Get crafty with the DUCK Lab! Each Friday, trained research assistants from the UNCG Psychology Department’s DUCK Lab will guide at-home crafts for children ages 3 to 12. Parents can join too to learn fun facts about crafts that foster age-appropriate skills or learn about the DUCK Lab’s nonprofit child development research projects.
This Friday, the DUCK Lab invites all elementary age friends to join Andrea and make a paper chain caterpillar! Follow along as Andrea takes you through each step and see we can fold and bring together construction paper to make a long caterpillar!
Parents, did you know?
This craft offers an opportunity for your children to illustrate how they use perceptual reasoning to think about categories. Read on below for more info. about the connection between these types of activities and age-appropriate developmental milestones.
We also invite you to check out our child development research opportunities, which are now modified for the virtual world! Please click here to learn more or sign up to participate with us.
Here’s what you’ll need to get started:
Cut about 4 strips of construction paper. If you’d like to make a very long caterpillar, cut more strips!
Grab one strip and bring the ends together to form a ring shape. Staple the two ends together. Then, grab another strip of paper and bring the ends together. Close the ends of the second ring while it is attached to the first ring. Make sure that the second ring is not in the same direction as the first ring. So, if your first ring closed in the horizontal direction, your second ring should close in the vertical direction. Staple and close the second ring while attached to the first ring.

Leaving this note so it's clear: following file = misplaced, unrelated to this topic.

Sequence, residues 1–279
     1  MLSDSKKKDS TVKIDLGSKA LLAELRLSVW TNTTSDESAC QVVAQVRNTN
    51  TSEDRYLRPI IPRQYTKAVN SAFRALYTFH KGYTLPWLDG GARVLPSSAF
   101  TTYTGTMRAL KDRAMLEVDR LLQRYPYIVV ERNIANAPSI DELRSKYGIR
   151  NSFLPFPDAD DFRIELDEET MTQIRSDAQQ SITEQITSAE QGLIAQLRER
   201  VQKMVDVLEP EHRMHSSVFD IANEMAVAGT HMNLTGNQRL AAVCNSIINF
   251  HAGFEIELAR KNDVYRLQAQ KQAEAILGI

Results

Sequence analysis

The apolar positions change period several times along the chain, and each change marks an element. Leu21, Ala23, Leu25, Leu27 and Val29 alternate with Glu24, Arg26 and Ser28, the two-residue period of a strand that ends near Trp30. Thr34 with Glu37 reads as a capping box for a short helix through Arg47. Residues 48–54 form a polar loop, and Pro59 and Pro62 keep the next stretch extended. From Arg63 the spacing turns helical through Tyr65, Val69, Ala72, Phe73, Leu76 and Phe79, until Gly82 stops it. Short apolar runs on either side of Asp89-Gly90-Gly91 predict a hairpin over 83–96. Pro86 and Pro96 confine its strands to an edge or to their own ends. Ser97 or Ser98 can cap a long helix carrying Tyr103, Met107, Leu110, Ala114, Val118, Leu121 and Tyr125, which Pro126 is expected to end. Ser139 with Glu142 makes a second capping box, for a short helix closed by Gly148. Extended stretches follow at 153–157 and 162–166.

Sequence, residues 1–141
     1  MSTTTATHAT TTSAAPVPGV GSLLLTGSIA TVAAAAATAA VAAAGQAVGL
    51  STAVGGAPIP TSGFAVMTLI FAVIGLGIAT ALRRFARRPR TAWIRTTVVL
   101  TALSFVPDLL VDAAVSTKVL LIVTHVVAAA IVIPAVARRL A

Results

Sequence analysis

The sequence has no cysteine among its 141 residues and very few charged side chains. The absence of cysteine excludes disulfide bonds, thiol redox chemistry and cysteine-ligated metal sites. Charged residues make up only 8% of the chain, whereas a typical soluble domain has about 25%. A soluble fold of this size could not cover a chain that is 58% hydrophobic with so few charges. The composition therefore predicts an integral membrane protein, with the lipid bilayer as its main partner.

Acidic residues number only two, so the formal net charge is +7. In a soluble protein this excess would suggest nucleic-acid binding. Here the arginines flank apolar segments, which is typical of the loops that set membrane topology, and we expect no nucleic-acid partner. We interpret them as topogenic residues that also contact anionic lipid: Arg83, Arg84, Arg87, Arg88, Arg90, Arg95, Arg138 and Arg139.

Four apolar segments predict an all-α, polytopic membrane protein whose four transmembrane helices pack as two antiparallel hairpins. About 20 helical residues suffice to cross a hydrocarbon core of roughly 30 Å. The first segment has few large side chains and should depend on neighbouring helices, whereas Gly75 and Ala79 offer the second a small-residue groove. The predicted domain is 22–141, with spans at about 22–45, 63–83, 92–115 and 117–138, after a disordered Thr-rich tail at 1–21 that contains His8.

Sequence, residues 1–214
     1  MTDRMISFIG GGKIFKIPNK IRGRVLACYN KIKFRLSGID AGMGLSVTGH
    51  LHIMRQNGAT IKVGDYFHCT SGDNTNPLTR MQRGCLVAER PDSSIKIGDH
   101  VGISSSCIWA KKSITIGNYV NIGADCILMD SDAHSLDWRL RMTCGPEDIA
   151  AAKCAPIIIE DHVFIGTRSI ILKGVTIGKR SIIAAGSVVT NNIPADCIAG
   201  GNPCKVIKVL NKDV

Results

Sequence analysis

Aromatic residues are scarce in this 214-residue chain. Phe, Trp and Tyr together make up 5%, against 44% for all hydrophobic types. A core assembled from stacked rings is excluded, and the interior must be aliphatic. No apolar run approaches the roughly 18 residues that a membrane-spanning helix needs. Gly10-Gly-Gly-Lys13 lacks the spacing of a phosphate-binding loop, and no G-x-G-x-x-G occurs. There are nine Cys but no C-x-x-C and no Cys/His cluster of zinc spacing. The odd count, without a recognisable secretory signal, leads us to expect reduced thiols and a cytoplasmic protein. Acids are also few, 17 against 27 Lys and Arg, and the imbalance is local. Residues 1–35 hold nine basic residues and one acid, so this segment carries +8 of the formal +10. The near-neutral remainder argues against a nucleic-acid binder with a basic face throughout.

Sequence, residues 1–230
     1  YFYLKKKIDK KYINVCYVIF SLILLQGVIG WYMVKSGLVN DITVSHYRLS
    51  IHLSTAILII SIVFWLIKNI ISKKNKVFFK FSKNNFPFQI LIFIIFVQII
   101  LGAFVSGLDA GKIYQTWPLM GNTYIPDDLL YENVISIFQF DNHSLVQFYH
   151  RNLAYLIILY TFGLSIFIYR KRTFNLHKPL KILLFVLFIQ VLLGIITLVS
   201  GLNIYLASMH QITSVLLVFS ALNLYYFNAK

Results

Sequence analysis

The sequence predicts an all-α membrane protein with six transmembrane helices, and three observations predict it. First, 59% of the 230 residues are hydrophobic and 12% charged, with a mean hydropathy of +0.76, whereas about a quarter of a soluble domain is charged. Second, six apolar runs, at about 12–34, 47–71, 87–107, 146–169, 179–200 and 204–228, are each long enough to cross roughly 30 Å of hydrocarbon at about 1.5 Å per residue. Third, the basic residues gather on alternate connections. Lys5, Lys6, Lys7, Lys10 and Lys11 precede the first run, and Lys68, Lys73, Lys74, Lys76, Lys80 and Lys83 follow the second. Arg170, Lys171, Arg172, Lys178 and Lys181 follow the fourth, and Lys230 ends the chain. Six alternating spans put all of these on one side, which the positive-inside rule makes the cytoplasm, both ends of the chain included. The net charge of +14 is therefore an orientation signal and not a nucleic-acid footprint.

Repeat Step 2 for the remaining strips.
Use glue to stick googly eyes to the caterpillar head.
Cut a pipe cleaner in half. Stick each piece to the caterpillar head to form the antennae.
The DUCK Lab: Paper Chain Caterpillar
Relation to Developmental Science:
As kids learn about the world around them, developmental research shows that children categorize similar entities together and make room for exceptions as they learn about new examples. This means that children might commonly assume this craft is a worm or snake, given that those animals share perceptual similarities to caterpillars. Nevertheless, this craft a chance for parents to teach children how animals might look alike, but are different. Additionally, to assemble this craft, children might experience difficulties as they construct each paper ring. Luckily, developmental research shows that children are fairly optimistic about their abilities and will likely persevere and not give up after an initial failure.
*Great for early elementary schoolers!
The DUCK Lab is a partner in the nonprofit Child Development Research Center in the Department of Psychology at the University of North Carolina at Greensboro. They conduct studies of social and cognitive development with 2- to 12- year-olds. Families who participate in their research studies are volunteers in the Greensboro community who generously offer their time to help support research and training opportunities for undergraduate and graduate students.